October 09, 2011
In A Sunburned Country by Bill Bryson
This time Bryson is in Australia traveling across and up and down and around the great island continent. He visits such places as Ayer's Rock (Uluru), the Great Barrier Reef, and other famous locales. He also stays at some small towns and travels through the wide desert expanse by car. Bryson doesn't leave cities out either. He visits most of the big ones and comments on their park areas and accommodations, and sometimes even their food (or lack of places to eat). I was particularly excited when he mentioned visiting an area that had gigantic worms (up to twelve feet long) as I had never heard of such a thing before.
This book though is mostly about Bryson himself. Indeed, he leaves out a great portion of describing Australia and in turn replaces it with what sort of drink he had at a certain place or other details I really couldn't care about. The people he describes are mostly ok, but almost seem caricatures of real people. He almost seems to be fairer to the animals of Australia.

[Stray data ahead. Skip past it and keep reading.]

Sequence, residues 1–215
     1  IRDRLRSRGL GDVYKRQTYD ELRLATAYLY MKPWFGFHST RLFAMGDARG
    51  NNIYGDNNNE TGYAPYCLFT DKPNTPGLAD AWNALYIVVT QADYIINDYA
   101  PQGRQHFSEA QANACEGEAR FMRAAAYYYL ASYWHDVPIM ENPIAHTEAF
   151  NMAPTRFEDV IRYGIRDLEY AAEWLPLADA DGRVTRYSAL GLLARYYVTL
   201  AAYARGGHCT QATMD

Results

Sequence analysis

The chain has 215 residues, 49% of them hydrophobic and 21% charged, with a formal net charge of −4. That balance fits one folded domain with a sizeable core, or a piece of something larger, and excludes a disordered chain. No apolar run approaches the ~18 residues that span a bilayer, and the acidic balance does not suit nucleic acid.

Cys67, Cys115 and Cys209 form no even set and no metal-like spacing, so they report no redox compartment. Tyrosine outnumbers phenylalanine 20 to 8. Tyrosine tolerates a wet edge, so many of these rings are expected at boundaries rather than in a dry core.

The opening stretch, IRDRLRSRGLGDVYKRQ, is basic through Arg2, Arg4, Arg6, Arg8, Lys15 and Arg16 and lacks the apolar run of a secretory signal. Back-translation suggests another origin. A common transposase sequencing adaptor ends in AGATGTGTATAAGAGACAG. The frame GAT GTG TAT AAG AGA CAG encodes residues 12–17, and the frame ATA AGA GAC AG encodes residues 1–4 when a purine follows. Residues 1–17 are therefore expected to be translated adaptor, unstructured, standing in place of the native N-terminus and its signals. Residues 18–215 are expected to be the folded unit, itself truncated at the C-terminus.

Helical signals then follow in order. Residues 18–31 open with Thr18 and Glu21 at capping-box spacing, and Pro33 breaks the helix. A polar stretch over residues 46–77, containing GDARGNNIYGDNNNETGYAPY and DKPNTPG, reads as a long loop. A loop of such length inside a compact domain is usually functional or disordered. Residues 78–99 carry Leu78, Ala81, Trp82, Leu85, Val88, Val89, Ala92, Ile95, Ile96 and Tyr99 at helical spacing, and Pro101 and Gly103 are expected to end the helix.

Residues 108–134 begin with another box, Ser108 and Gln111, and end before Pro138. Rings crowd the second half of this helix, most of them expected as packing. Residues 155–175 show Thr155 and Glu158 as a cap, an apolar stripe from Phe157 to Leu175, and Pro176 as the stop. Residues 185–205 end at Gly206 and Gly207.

For a travel book this read more like a reference book. In between explaining what beer he had or where he stayed it was filled with history and facts about Australia. While normally this isn't a bad thing, the result here was that the book was very boring at parts and I had to struggle to keep myself from skimming ahead. While Bryson claims to like Australia, there was a lot of negative in the book and I just didn't enjoy reading it. Nor did it make me want to travel there someday. I would have liked to have read more about the scenery or had more detail on the attractions he visited.
Not his best, that's for sure. I wouldn't really recommend this one to anyone.
In a Sunburned Country